Kelvin Davies Awarded Copernicus Medal

The Copernicus Medal is the highest award of the University of Ferrara, Italy.

On June 17 in Ferrara, Italy, Professor Laura Ramaciotti, Rector of the University of Ferrara, presented Distinguished Professor and Executive Vice Dean of the USC Leonard Davis School of Gerontology Kelvin J. A. Davies with the Nicolaus Copernicus Medal, “In appreciation of his scientific excellence.”

The Copernicus Medal is the highest award of the University of Ferrara, which was established in 1391. The award was made in front of an international audience of some 300 scientists who were attending a University of Ferrara-sponsored conference entitled, “The Future of Redox Biology.” Davies was lauded for his pioneering research in the discipline of Redox Biology, and his leadership in the field. Davies is among the world’s leading experts on free radicals, oxidative stress, redox regulation, and adaptation biology and medicine. His research focuses on redox-regulated signal transduction pathways and the expression of oxidative stress protective and repair genes during aging.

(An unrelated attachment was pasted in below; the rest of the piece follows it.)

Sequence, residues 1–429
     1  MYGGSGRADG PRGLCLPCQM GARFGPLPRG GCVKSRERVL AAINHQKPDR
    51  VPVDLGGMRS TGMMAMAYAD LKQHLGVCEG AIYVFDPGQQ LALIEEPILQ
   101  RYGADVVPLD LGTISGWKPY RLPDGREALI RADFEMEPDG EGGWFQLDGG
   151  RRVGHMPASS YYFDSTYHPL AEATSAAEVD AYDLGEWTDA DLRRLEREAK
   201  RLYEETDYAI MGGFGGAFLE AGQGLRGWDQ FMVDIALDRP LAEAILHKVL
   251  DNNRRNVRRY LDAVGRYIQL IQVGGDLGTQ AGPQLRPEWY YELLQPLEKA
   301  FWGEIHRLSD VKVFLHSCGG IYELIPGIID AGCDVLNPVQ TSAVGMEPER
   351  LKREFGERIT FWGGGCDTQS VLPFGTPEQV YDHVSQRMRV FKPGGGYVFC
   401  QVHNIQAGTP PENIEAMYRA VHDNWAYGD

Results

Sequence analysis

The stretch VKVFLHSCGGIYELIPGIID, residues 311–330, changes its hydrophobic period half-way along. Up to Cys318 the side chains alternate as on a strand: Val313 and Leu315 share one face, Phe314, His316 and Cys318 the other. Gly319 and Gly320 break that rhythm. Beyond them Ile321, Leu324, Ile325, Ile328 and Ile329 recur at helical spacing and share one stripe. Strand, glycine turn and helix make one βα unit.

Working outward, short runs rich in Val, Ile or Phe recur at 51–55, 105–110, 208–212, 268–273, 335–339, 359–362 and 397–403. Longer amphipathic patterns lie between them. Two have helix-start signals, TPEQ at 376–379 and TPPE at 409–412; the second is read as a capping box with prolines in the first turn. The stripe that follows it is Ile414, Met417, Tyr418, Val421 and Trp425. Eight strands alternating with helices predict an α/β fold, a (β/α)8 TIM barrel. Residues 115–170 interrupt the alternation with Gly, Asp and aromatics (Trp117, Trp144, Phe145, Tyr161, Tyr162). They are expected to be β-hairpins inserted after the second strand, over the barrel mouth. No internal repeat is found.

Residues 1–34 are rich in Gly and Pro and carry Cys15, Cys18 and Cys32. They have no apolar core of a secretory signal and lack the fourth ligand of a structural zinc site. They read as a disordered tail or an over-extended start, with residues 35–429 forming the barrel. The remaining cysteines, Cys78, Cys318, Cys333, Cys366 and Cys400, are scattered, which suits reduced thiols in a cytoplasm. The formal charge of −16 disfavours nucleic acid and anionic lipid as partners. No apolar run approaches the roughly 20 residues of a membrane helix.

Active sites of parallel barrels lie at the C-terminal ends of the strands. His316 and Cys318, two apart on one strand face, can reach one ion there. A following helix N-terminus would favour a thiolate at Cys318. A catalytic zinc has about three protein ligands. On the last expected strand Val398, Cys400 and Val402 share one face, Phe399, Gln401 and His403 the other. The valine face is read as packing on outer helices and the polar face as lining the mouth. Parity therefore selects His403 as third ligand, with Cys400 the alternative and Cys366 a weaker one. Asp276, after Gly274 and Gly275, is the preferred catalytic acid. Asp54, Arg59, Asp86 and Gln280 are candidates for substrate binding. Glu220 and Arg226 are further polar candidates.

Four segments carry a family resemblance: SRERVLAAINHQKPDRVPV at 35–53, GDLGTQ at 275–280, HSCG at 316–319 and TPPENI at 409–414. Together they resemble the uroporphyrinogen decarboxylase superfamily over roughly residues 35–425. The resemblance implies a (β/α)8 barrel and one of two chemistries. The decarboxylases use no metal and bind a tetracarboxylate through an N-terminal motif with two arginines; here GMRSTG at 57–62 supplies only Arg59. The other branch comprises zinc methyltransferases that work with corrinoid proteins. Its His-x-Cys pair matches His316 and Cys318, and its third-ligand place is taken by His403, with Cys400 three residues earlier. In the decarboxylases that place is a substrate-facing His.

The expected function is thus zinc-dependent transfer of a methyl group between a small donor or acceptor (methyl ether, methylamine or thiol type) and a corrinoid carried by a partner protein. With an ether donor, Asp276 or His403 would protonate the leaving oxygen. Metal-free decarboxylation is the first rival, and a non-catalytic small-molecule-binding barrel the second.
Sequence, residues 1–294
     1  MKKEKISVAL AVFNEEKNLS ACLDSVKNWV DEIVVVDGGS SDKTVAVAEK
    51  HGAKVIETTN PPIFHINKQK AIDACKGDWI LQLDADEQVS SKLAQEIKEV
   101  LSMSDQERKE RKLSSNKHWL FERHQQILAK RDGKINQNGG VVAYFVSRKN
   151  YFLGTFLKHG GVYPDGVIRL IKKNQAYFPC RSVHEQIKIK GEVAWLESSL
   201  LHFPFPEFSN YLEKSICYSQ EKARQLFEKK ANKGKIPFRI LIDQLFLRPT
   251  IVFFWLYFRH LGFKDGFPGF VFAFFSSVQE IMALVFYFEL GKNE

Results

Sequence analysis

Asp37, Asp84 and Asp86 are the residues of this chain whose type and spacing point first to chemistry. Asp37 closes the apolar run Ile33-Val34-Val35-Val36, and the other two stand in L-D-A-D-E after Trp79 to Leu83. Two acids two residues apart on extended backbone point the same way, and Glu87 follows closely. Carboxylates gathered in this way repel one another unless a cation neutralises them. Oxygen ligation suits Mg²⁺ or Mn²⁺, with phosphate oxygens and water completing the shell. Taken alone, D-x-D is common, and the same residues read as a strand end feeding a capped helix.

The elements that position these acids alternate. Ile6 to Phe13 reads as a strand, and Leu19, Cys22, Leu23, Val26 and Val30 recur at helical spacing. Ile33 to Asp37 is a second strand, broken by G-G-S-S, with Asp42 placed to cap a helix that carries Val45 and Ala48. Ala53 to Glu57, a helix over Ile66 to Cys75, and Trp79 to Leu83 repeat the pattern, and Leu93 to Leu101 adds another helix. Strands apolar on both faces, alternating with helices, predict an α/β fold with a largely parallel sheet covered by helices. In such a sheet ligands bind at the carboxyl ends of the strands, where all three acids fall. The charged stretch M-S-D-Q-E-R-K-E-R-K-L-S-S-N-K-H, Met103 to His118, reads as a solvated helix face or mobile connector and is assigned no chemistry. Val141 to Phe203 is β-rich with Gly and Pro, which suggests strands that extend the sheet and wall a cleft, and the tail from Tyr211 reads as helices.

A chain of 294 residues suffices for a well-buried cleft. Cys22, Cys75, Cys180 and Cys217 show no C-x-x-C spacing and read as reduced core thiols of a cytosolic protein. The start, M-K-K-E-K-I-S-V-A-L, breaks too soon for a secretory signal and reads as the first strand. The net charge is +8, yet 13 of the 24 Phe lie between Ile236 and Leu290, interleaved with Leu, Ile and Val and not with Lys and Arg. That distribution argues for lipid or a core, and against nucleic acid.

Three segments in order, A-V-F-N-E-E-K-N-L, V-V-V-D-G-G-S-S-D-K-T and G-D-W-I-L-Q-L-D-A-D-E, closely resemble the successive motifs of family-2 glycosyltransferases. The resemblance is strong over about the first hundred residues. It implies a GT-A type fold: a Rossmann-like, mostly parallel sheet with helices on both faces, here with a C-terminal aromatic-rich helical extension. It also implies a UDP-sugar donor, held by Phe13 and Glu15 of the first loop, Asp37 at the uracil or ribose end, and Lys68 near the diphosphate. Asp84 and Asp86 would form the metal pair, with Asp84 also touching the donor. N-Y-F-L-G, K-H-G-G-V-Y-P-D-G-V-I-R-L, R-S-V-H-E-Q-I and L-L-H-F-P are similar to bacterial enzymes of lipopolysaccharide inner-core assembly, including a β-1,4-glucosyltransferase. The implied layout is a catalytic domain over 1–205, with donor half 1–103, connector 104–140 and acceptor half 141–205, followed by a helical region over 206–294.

Nicolaus Copernicus was a Renaissance polymath, active as a mathematician, astronomer, and Catholic canon, who formulated a model of the universe that placed the Sun rather than Earth at its center. Copernicus was born in 1473, in Toruń, a city in north-central Poland on the Vistula River south of the major Baltic seaport of Gdańsk. He studied liberal arts—including astronomy and astrology—at the University of Cracow (Kraków), at the University of Bologna, Italy, and at the University of Padua, Italy. He finally received his Doctorate in Canon Law from the University of Ferrara, where he is still venerated today.